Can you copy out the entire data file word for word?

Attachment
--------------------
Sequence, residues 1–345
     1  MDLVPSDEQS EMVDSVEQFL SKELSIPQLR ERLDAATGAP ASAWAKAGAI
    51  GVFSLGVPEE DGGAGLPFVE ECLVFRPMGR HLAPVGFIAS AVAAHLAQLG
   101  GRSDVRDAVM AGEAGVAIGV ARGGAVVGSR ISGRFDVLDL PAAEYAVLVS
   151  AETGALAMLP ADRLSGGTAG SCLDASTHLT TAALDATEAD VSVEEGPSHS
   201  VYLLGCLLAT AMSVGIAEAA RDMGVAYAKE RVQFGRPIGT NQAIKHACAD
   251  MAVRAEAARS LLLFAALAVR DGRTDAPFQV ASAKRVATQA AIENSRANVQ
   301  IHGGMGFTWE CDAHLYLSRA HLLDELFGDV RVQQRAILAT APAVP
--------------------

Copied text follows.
Sequence, residues 1–345
     1  MDLVPSDEQS EMVDSVEQFL SKELSIPQLR ERLDAATGAP ASAWAKAGAI
    51  GVFSLGVPEE DGGAGLPFVE ECLVFRPMGR HLAPVGFIAS AVAAHLAQLG
   101  GRSDVRDAVM AGEAGVAIGV ARGGAVVGSR ISGRFDVLDL PAAEYAVLVS
   151  AETGALAMLP ADRLSGGTAG SCLDASTHLT TAALDATEAD VSVEEGPSHS
   201  VYLLGCLLAT AMSVGIAEAA RDMGVAYAKE RVQFGRPIGT NQAIKHACAD
   251  MAVRAEAARS LLLFAALAVR DGRTDAPFQV ASAKRVATQA AIENSRANVQ
   301  IHGGMGFTWE CDAHLYLSRA HLLDELFGDV RVQQRAILAT APAVP